Theme Snowball





How can we write our own insightful theme statements?


Think of this theme exercise like a snowball that starts out small and builds to something great and unexpected because of the help from our peers.


What is theme?  and  How do I find theme in a literary work?  Watch this "How to find Theme" to answer these questions.





Follow these simple steps to create an interesting theme statement:

  1. Read the entire text. "Stamp Collector"
  2. Make a list of all the possible topics in the story.
  3. Identify the one subject that speaks loudest to you.
  4. Think, "what does the author want me to learn about this idea?": Write... The author believes____________________________ about the topic.
  5. Cross out the author believes and revise the statement.  (make sure its specific and interesting)          

See our class model below:




Using Pair Share Square strategy students generate theme statements and identify the best of these ideas to find supporting evidence from "The Stamp Collector".

See our class model below:


Each group recorded their theme statements at the top of the page and crumples it up tossing it to another group.  The group's job is to now find evidence from the text to prove the theme.  

Evidence is written word for word using quotation marks.  A brief explanation is also written to demonstrate the connection between the quote and the theme. (known as providing context)  See image above.

When all groups have found 3 quotes and provided context for the quotes, papers are returned to the original group.  Students are given an opportunity to go through information and clarify any confusion in evidence as a group.

Students write an expository paragraph explaining one of themes in the "Stamp Collector"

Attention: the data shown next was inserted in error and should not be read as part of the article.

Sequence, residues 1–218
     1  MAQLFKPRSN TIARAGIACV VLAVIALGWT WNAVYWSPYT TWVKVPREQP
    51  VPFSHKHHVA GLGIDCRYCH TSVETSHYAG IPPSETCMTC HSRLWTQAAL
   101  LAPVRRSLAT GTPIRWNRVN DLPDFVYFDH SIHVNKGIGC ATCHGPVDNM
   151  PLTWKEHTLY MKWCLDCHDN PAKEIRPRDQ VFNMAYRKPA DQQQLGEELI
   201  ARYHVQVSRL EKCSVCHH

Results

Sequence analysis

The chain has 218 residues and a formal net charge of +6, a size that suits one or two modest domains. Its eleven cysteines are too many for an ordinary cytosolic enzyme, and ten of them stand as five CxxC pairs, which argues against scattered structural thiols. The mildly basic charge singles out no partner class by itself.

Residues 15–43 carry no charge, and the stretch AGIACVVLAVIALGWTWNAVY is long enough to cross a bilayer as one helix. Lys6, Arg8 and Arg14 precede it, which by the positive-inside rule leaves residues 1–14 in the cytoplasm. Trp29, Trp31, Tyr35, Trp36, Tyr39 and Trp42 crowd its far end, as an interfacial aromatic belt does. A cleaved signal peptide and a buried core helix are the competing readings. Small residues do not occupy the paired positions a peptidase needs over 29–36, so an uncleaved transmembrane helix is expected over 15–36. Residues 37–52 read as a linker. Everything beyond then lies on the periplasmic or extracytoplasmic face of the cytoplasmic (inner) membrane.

Here are 2 student exemplars:





Students watched Mrs. Anderson demonstrate her thinking while writing an expository paragraph which explained one theme in Lanthier's story, "The Stamp Collector".  

See the model below:



Students will complete a second draft and self-evaluate on Friday.  If you are not finished your first attempt, complete it before then.

Today students self-evaluated their work using the mini-rubric below:



Identifying the main idea and support in our original paragraph looks like:
As a class we decided this paragraph's main idea was: Imaginative  and the support was: somewhat detailed and quotes were extremely clear.

This means we need to improve on adding detail.  Using RADaR students then discussed where and how to add details.  

Adding details happens typically after using a quote to explain further.  


Think: Are there any questions the reader may have about the situation?  
             Can I include another example from my life that will make this idea clearer?

See the class model below:

Focus on ADD only today.
We also decided to make our beginning more appealing we would add a hook.  Students recorded this question on their RADaR sheets: How can I write a powerful hook? 

We watched "How to write a Hook." and ADDED it to our paragraphs.






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